Lightning has fascinated and excited humans for as long as they have watched the skies. Meteorologists know the cloud conditions necessary to produce lightning, but cannot forecast the location or time of the next stroke of lightning from a storm. At any moment, there are as many as 1800 thunderstorms in progress somewhere on the Earth, and each is producing deadly lightning.
As the thunderstorm forms, it produces ice in the upper cloud. The formation of ice in a cloud is an important element in the development of lightning. Those storms that fail to produce large numbers of ice crystals may also fail to produce lightning. Strong rising and sinking motions within the cloud are important too, as they enhance collisions among cloud particles causing a separation of electrical charges. Positively charged ice crystals rise to the top of the thunderstorm and negatively charged ice particles and hailstones drop to the middle and lower parts of the storm.
As the differences in charges continue to increase, positive charges rise up taller objects such as trees, houses, and telephone poles. The charge can also move up you, causing your hair to stand on end! This is natures way final way of warning you that lightning can strike very soon near you.
The negatively charged area in the storm sends out a charge torward the ground called a step leader. It is invisible to the human eye and moves in steps torwards the ground. It takes less than a second for lightning to get close to the ground, and when it does it is attracted by all of the positively charged objects causing a channel to develop. You see the electrical transfer in this channel as lightning. There may be several repeated transfers of electricity within the channel. These are observed as flickering lightning.
Lightning usually claims only one or two victims at a time and usually does not cause the mass destruction left in the wake of tornadoes ot hurricanes. Lightning generally receives much less attention than any other weather hazards.
During a thunderstorm, each flash of cloud to ground lightning is a potential killer. However, lightning deaths can be prevented only if people are aware of the dangers and seek shelter in a building or a hard topped vehicle.
Lightning can strike as much as 10 miles away from the rain area in a thunderstorm. That is about the distance that you are able to hear the thunder from the storm. If you can hear the thunder from a storm, you are close enough to be struck by lightning.
Where organized sports activities are taking place, coaches, umpires, referees, or camp counselors must protect the safety of the participants and spectators by stopping the activities sooner so that participants and spectators can get to a safe place before the lightning threat becomes significant.
Being outdoors is the most dangerous place to be during a lightning storm. The National Weather Service advises that when you hear thunder or see lightning to quickly move indoors or into a hard topped vehicle and remain there until well after the storm has passed.
Any location is dangerous durning a lightning storm, however some areas are more dangerous than others. Some of the riskiest locations include:
Dangerous situations can arise when big groups of people come together outdoors during a lightning storm. This includes baseball, football, soccer, and tennis games, as well as community fairs and outdoor festivals.
It is important that everyone know some outdoor and indoor safety rules.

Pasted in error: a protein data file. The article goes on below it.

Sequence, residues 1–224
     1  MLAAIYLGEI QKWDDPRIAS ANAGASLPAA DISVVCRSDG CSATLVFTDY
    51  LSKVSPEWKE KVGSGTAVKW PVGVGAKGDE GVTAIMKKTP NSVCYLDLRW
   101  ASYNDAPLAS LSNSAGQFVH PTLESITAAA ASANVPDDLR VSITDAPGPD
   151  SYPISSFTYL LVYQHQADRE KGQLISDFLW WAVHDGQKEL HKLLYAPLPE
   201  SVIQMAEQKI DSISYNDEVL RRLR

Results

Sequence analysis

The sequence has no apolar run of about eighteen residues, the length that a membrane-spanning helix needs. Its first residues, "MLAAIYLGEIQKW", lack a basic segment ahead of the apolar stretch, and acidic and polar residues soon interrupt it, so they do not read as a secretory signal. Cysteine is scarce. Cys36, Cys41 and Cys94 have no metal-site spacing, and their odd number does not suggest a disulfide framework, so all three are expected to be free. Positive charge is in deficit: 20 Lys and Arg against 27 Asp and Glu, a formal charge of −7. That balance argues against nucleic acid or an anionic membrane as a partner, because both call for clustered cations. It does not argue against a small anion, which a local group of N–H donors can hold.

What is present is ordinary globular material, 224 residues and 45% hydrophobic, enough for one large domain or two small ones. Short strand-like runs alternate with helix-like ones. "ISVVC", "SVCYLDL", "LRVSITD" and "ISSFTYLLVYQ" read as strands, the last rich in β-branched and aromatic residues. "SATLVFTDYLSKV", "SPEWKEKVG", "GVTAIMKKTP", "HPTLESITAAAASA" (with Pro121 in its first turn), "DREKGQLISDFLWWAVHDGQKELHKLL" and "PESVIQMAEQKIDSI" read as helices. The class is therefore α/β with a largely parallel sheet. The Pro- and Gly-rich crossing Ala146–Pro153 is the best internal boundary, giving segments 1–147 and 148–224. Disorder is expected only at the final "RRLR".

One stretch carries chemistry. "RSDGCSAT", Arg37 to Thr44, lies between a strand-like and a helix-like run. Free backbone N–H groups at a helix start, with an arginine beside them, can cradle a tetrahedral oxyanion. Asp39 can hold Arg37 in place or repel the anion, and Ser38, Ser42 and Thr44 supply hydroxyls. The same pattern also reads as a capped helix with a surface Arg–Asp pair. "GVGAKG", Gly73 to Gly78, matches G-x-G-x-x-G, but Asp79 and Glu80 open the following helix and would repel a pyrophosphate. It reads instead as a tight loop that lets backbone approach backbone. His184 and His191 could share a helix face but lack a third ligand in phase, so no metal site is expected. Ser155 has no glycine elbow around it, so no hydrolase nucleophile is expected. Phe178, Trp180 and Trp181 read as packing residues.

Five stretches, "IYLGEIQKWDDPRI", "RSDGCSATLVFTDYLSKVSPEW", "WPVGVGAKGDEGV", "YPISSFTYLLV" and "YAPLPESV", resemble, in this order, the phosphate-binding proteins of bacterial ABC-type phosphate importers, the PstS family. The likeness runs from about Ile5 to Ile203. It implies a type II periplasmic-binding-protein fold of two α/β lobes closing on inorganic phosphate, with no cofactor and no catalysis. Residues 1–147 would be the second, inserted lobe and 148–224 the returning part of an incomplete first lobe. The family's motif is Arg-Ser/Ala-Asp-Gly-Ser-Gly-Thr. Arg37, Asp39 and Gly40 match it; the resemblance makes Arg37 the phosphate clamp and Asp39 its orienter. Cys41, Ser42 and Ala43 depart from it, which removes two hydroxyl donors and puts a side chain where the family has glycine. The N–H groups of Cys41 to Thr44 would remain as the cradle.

Knowing outdoor safety rules can help save your life or that of loved ones.
When lightning approaches, get inside a completely enclosed building. Carports, open garages, storage sheds, metal sheds, and covered patios are not safe shelters.
If no enclosed building is available, get inside a hard-topped, all metal vehicle.
Get out of the water! Get off the beach and out of small boats and canoes. If caught in a boat, crouch down in the center of the boat away from metal hardware. Avoid standing in puddles of water, even if wearing rubber boots. Thunderstorm winds create large waves and turbulent water, so please wear a life jacket!
If you cannot reach shelter, avoid being the tallest object in the area. Do not take shelter under an isolated tree or the tallest trees in the area. If you are in the woods, find shelter under the shorter trees.
If only isolated trees are nearby, crouch on the balls of your feet. A rule of thumb to follow is to stay twice as far away from a tree as it is tall. Don't lie on the ground.
Avoid caves or overhangs. The ground current from lightning is very strong and can jump the Gap.
Avoid leaning against vehicles and get off bicycles and motorcycles.
When lightning strikes a building, house or other structure, it follows metal conductors such a electrical wiring, plumbing, and telephone lines from the structure to the ground. When this process occurs, it usually leaves the inhabitants unharmed.
Once lightning enters the home it can surge through the electrical, phone, plumbing, and radio/television reception systems. It can also travel through any metal wires or bars in concrete walls or flooring as well as windows and doors. It is important to avoid these conductors during an electrical storm.
Phone use is the leading cause of lightning injuries within the home. Lightning can travel long distances in both phone and electrical wiring, especially in rural areas where other conductors are limited.
Basements should be used with caution during thunderstorms because they usually contain conductors. Avoid contact with washers and dryers since they not only have contacts with the plumbing and electrical systems, but also have an electrical path to the outside through the dryer vent. Concrete floors should also be avoided as they usually contain some form of reinforcement which can easily become electrified by a nearby lightning strike. Avoid bathing during a lightning storm as the household plumbing can carry a deadly current.